It isn’t long before the mad genius attacks Maroni at the police department headquarters itself. Though his machinations manage to incapacitate most of the department, Gordon is left standing. The born-again detective tries to take him down, but a combination of the Electrocutioner’s gadgets and his muscular henchman make that difficult. After Gordon knocks out Helzinger, Bukinski actually makes a fairly astute assertion that Gordon doesn’t do this job for his love for the law, but rather his hatred of losing. Their conflict ends without drama as Gordon throws a cup of water on the villain’s electrical suit, essentially shorting him out.
Now that Gordon is (presumably) back in the good graces of the Commissioner, it’s as good a time as any for him to spark up his romantic life again. Dr. Thompkins peeks in on the Men’s Locker Room … waiting for Jim. Turns out that Gordon has been living at the GCPD locker room, and that these two are apparently into each other as they share a kiss after a brief and awkward silence. A guard interrupts their fun to tell Gordon that there’s been a big shootout at Fish Mooney’s place.
Though this section is about Penguin, his character progression is really only seen through the events that unfold between the rival crime families. First up, Falcone experiences a brief Godfather-like memory of his mother’s funeral during his childhood before the camera pulls back to reveal him ordering the execution of one of his own kin in contemporary times. He walks with his dearest companion, Liza, in the rain and offers her a fresh start, but she opts to stay by his side. Keep this sweet interaction in mind, because Liza is soon kidnapped from a market, but it’s by Fish Mooney’s people. Mooney calls Falcone threatening to hurt her if he doesn’t cooperate.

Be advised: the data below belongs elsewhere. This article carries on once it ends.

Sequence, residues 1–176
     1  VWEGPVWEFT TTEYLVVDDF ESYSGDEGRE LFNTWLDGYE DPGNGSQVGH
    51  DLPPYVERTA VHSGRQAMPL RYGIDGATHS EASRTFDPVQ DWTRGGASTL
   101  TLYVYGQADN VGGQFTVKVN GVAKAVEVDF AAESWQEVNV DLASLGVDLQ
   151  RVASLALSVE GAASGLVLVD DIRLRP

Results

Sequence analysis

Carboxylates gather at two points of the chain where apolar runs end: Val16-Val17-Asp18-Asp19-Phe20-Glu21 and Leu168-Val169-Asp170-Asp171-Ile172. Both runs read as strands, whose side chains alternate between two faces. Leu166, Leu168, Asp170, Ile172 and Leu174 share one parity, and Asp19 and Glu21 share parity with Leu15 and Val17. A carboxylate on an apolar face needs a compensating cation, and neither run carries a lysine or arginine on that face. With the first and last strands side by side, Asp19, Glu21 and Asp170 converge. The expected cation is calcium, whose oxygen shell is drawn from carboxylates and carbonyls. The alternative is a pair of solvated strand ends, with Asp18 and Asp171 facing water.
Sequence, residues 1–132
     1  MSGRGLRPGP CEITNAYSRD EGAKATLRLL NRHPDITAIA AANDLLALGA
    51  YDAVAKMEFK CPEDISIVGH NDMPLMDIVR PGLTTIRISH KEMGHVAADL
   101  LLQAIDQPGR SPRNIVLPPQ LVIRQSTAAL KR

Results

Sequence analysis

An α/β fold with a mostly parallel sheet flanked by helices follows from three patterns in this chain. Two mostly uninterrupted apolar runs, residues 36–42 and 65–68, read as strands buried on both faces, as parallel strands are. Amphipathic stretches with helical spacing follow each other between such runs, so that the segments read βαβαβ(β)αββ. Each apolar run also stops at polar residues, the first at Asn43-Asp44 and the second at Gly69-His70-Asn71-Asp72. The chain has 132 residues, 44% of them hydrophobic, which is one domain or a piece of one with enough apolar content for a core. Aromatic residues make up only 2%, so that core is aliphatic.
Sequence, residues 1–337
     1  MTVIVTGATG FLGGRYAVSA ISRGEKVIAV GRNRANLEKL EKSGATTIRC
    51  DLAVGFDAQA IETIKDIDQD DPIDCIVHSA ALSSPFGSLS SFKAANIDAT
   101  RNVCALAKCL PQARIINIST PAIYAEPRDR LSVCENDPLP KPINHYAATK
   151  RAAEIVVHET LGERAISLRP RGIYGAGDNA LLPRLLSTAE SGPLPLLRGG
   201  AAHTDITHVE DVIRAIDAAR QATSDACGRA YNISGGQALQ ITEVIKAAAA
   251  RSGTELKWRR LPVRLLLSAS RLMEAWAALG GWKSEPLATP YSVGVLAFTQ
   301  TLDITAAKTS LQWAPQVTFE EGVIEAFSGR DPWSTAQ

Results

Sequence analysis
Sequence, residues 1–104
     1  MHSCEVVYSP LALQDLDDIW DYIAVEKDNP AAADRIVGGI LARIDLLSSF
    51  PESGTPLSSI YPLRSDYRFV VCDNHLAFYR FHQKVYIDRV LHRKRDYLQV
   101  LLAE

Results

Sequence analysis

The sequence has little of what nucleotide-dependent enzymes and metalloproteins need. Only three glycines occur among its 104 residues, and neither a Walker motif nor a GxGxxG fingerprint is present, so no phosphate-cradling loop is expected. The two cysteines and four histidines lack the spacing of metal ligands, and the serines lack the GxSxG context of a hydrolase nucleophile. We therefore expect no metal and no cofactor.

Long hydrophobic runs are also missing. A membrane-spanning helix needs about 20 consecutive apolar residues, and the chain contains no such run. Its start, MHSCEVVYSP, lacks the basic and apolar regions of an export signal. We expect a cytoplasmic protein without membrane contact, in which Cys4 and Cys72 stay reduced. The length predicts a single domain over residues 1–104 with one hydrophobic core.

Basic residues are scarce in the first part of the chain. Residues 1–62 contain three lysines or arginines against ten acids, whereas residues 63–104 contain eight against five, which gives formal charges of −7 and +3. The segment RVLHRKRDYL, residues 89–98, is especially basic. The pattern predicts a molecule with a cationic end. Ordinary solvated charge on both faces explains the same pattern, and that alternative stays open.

The first time we see Penguin in this episode is when he’s at dinner with Maroni. He gets a call from Falcone telling him about Liza’s kidnapping. When Penguin tries to leave, he gets zapped by the Electrocutioner’s booby trap. Penguin gets knocked out, only to wake up from his shock, and momentarily reveals that he’s working with Falcone; not the brightest move. When Maroni makes the police department his new home, an unconscious Penguin is along for the ride. Penguin comes to and Maroni asks him about his urgent business with Falcone, which the slippery one manages to weasel his way out of.
Meanwhile, Fish calls Falcone inquiring about Liza and he immediately knows she’s behind the ransom attempt. Fish admits her part in it and tells him that she wants him to leave Gotham for good, allowing him to take Liza, and he somehow agrees… Fish isn’t exactly thrilled with the result, but knows it’s for the best since Falcone would have ended up getting killed by a rival at some point. At the same time, Zsasz makes an appearance alongside Falcone, who concedes that it’s probably time for him to step away. Zsasz tries to remind him who he is, and that he’s owed respect. Falcone wants to retire to the countryside with Liza, and he tasks Victor with keeping him safe throughout it all.